La Bamba: meaning and tragedy behind the best-known son jarocho

The Day the Music Died by Civil Aeronautics Board
The Day the Music Died by Civil Aeronautics Board
The widely known La Bamba epitomizes one of the most striking examples of the ways in which an old folk tune could be popularized. According to some sources, the melody originated in the Mexican state of Veracruz more than 200 years ago where it traditionally accompanied the first wedding dance performed by the bride and groom.
Although the first recordings of La Bamba appeared in the early 1940s, following its intense promotion by various artists in the nightclubs of Mexico City and even New York, the song gained serious fame only two decades later when the electric version of the song was recorded by the rock and roll pioneer Ritchie Valens.
It is noteworthy that La Bamba became the only non-English-language song on the Rolling Stone magazine's influential 500 Greatest Songs of All Time list, and Ritchie Valens himself was inducted into the Rock and Roll Hall of Fame despite his musical career having lasted only 8 months.
It was La Bamba that put Ritchie Valens on Buddy Holly's radar who invited the newcomer to his Winter Dance Party tour which did not go too smoothly due to severe frosts and long bus journeys that even gave some musicians frostbite. To give the musicians more rest, Buddy Holly chartered a flight which Ritchie Valens boarded by winning a seat from the guitarist Tommy Allsup through a coin-toss. After taking off in inclement weather, the plane crashed, killing all musicians present on board, including Holly and Valens.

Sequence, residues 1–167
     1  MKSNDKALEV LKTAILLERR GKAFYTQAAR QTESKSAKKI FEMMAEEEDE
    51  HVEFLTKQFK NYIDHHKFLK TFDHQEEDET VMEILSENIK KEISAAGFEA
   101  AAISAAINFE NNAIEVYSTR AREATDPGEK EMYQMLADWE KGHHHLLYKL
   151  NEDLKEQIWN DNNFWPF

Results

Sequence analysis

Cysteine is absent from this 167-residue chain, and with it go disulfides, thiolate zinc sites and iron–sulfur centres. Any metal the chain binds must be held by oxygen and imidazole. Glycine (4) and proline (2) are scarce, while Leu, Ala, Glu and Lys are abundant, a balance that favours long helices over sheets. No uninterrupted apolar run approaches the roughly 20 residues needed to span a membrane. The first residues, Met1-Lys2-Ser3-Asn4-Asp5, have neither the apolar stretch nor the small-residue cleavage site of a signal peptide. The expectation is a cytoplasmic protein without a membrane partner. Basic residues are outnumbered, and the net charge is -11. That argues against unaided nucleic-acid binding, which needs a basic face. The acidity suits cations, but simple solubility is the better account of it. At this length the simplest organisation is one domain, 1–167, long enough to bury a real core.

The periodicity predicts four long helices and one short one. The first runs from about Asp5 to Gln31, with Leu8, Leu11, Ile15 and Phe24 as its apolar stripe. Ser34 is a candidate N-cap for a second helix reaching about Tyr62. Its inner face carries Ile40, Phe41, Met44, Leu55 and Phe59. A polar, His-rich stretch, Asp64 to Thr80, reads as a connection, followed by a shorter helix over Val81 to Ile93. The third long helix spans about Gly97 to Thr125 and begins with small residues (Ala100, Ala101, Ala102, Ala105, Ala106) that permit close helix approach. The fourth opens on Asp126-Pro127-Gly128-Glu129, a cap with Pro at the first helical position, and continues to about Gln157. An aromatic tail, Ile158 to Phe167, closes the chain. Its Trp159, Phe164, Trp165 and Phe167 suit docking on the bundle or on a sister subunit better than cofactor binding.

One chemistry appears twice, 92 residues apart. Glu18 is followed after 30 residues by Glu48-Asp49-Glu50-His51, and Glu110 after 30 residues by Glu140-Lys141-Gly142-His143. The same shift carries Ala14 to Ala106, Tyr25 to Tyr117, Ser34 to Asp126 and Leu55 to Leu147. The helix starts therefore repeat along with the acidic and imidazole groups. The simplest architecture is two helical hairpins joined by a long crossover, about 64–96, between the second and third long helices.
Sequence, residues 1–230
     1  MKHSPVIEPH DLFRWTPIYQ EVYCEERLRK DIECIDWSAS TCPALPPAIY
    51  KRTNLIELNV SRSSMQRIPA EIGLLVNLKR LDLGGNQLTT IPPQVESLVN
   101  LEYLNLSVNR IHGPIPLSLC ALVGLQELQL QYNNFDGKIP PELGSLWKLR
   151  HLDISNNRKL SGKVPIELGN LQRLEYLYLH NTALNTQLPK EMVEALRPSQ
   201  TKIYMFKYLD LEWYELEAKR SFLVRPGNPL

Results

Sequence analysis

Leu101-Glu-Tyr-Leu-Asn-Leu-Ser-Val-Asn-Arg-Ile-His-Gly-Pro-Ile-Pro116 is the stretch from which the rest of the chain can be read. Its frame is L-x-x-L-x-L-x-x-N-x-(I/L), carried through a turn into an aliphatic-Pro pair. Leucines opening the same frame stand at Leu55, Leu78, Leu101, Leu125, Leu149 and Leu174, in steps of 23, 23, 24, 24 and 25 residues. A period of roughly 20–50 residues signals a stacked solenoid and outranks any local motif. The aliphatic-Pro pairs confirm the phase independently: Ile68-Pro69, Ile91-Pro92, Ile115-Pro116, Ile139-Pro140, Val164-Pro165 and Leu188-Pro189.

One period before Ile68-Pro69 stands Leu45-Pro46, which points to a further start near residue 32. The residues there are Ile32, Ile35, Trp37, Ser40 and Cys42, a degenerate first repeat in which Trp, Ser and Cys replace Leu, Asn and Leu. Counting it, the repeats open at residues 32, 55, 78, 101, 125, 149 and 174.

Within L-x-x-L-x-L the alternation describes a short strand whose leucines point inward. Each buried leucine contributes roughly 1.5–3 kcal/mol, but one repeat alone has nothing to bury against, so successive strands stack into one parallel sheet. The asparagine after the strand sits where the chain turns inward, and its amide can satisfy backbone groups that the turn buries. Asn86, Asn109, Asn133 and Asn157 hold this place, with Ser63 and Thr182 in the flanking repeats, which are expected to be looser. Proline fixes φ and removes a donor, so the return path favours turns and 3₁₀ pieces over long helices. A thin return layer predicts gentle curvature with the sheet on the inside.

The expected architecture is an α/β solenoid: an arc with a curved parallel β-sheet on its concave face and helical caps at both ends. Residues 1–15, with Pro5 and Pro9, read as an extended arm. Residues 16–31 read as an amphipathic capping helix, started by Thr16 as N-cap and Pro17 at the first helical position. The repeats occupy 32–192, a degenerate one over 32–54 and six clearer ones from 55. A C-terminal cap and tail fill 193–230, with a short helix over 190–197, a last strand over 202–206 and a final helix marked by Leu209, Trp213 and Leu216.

In the 1980s, the life story of Ritchie Valens was filmed and the soundtrack was recorded by Los Lobos, sparking a new round of worldwide popularity of La Bamba.
Listen to La Bamba by Los Lobos:
Combining elements of Spanish, indigenous, and African musical cultures, La Bamba belongs to the son jarocho genre where the term son is given to a category of Mexican folk music while jarocho refers to a person, item, or music style from the port city of Veracruz.
Most likely, the song title has the same root as the Spanish word bamboleo translated as swinging or rolling.
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